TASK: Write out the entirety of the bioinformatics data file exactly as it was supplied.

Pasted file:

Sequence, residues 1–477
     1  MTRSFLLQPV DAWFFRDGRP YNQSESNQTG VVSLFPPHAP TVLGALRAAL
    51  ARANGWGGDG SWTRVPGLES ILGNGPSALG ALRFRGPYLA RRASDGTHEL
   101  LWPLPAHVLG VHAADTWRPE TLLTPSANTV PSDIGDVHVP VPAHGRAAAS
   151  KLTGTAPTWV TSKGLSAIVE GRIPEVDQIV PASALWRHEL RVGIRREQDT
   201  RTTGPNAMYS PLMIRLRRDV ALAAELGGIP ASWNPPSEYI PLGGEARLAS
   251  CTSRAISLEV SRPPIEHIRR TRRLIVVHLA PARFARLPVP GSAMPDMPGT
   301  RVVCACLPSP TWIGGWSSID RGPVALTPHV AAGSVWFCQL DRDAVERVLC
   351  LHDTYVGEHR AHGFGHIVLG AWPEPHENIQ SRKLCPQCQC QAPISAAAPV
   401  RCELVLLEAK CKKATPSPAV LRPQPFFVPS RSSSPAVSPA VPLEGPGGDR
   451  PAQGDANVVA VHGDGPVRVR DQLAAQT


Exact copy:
Sequence, residues 1–477
     1  MTRSFLLQPV DAWFFRDGRP YNQSESNQTG VVSLFPPHAP TVLGALRAAL
    51  ARANGWGGDG SWTRVPGLES ILGNGPSALG ALRFRGPYLA RRASDGTHEL
   101  LWPLPAHVLG VHAADTWRPE TLLTPSANTV PSDIGDVHVP VPAHGRAAAS
   151  KLTGTAPTWV TSKGLSAIVE GRIPEVDQIV PASALWRHEL RVGIRREQDT
   201  RTTGPNAMYS PLMIRLRRDV ALAAELGGIP ASWNPPSEYI PLGGEARLAS
   251  CTSRAISLEV SRPPIEHIRR TRRLIVVHLA PARFARLPVP GSAMPDMPGT
   301  RVVCACLPSP TWIGGWSSID RGPVALTPHV AAGSVWFCQL DRDAVERVLC
   351  LHDTYVGEHR AHGFGHIVLG AWPEPHENIQ SRKLCPQCQC QAPISAAAPV
   401  RCELVLLEAK CKKATPSPAV LRPQPFFVPS RSSSPAVSPA VPLEGPGGDR
   451  PAQGDANVVA VHGDGPVRVR DQLAAQT